Note: CATC (Computers Across the Curriculum) Camp is a Professional Learning Opportunity for Educators in Waterloo Region District School Board. About 125 teachers meet at the Kempenfelt Conference Centre each summer to share and learn about how to integrate technology into their curriculum and to use technology effectively in their practice. This year we celebrate their 25th year of learning in this way.
It goes like this: We eat a wonderful meal – often out on the patio – then the music beckons us to the auditorium for “News Time”. In a high energy fashion, we compete for prizes, we get updated on things like OSAPAC products, and most importantly, we get asked:
What else do you want to learn?
There are about 12 rooms that act as centres, with facilitators who scaffold learning around coding, makerspaces, online learning, GAFE tools, 1:1 Chromebooks, etc.
But when we identify something else we want to learn, it gets organized in minutes.
Today, someone asked to learn more about the online assessment tool, FreshGrade. After a few questions from the coordinator, a decision was made to host a session at 11:00 on online assessment tools in general. I volunteered to organize it.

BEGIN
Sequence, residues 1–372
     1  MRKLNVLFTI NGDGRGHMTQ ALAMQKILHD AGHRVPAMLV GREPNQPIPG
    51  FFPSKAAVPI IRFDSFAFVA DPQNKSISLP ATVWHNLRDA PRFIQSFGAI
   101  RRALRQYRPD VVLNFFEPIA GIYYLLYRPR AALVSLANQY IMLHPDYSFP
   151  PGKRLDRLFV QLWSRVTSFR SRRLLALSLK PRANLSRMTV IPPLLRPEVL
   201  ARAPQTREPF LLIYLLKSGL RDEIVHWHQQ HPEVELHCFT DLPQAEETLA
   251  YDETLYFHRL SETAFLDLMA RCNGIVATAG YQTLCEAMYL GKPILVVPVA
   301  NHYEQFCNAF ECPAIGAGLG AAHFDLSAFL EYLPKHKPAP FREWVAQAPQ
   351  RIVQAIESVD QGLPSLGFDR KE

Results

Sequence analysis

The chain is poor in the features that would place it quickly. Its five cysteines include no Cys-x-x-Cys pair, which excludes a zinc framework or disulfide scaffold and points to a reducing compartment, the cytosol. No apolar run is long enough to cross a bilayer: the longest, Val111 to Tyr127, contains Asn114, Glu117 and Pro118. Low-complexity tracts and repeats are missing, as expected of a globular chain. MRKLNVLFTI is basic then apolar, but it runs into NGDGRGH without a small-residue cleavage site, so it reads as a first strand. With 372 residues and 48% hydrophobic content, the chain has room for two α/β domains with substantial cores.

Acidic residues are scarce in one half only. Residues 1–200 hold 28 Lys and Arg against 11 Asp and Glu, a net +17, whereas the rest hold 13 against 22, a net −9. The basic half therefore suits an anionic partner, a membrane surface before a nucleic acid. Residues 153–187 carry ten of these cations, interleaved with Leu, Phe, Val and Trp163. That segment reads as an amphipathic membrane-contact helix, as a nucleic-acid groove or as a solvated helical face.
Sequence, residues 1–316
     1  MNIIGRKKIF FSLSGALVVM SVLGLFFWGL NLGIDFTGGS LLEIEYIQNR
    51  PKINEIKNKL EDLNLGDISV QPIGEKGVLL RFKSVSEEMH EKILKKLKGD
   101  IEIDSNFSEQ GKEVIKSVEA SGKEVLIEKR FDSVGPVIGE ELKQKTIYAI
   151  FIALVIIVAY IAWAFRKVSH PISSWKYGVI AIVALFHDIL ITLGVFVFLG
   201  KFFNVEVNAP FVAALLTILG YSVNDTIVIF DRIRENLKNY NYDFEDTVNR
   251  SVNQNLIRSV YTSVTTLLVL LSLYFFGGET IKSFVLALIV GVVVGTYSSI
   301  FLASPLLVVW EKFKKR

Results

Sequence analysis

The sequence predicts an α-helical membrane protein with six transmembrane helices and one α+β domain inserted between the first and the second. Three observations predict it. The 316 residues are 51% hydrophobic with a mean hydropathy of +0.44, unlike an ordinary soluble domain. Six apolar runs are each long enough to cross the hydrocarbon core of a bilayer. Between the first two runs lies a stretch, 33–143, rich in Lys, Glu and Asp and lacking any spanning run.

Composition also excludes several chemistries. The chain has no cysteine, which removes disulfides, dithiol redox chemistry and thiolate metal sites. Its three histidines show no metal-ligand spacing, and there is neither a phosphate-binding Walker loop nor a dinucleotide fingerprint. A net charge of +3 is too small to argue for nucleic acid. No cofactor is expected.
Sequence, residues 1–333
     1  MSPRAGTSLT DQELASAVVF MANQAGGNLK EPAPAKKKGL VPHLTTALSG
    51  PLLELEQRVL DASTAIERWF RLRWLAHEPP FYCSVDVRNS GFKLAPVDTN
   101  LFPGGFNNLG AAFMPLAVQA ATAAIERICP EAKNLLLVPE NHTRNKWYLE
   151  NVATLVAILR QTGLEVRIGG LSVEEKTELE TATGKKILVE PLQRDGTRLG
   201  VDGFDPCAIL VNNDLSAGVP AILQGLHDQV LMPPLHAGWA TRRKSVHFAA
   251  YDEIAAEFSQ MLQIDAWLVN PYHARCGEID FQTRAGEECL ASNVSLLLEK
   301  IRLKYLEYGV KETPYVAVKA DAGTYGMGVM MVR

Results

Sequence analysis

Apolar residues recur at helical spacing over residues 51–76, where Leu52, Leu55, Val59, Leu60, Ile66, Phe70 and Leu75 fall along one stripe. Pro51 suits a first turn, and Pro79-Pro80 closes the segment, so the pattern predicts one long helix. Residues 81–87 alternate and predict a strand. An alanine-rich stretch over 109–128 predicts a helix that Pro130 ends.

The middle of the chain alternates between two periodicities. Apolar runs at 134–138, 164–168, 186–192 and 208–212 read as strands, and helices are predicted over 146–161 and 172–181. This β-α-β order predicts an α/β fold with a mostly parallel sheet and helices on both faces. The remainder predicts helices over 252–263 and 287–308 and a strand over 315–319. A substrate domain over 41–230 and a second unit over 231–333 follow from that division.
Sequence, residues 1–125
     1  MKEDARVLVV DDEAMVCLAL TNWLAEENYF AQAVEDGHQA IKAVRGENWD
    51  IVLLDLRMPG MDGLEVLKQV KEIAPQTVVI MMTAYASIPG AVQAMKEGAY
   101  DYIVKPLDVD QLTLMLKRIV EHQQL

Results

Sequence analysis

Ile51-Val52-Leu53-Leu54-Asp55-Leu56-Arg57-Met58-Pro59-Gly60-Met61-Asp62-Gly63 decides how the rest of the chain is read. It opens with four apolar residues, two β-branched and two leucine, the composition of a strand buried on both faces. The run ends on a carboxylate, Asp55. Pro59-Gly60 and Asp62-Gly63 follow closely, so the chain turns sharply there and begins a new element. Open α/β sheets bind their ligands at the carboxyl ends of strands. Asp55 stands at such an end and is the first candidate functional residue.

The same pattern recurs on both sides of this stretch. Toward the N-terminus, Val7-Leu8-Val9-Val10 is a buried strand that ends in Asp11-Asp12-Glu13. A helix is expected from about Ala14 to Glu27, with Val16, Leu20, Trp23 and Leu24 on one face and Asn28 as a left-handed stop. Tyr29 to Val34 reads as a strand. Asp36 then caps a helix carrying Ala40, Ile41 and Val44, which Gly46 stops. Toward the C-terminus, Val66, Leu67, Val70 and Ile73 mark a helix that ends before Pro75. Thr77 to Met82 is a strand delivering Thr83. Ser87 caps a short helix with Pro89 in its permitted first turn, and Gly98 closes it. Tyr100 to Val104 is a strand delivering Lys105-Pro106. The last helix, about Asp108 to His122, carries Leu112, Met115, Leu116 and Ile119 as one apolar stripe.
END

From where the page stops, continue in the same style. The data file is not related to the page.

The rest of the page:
Alison Bullock organized a GHO with a vendor rep and designed a Google form to collect questions. David Pope volunteered to share his experiences. Mark Carbone volunteered to speak about privacy of student information.
At 11:00, about 25 teachers arrived and we had a rich discussion about all of the considerations involved in choosing the right online assessment tool.
And it was just that fast.
We wanted to learn more about Assessment. Volunteers gathered the learner questions through open Google forms by tweeting the link. The experts were brought in physically or through GHO. A time and place was established.
We had a rich discussion, a screenshare demo of possibilities, and we walked away so much better informed about what is available, and the considerations we must make before implementation of online assessment tools.
This “identify the need – organize the resources – learn more” rhythm is becoming pervasive in professional learning. We now have the tools to respond to learning needs, not just with information, but with human resources, with organizing tools, and with synchronous learning tools.
Our classrooms can have this rhythm.
Interest -> questions -> organize -> bring in experts -> discuss.
A child who reads Moose (by Robern Munsch) with her parents at bedtime might have many questions about moose the next day. The teacher can organize a Google Hangout or Skype call with a moose expert to answer questions for the child.
We have the tools to respond immediately to learning needs, and to further develop interests and passions.
We need a new, responsive, rhythm for learning that has at its core, the ability to grow an individual’s motivation and desire to learn even more.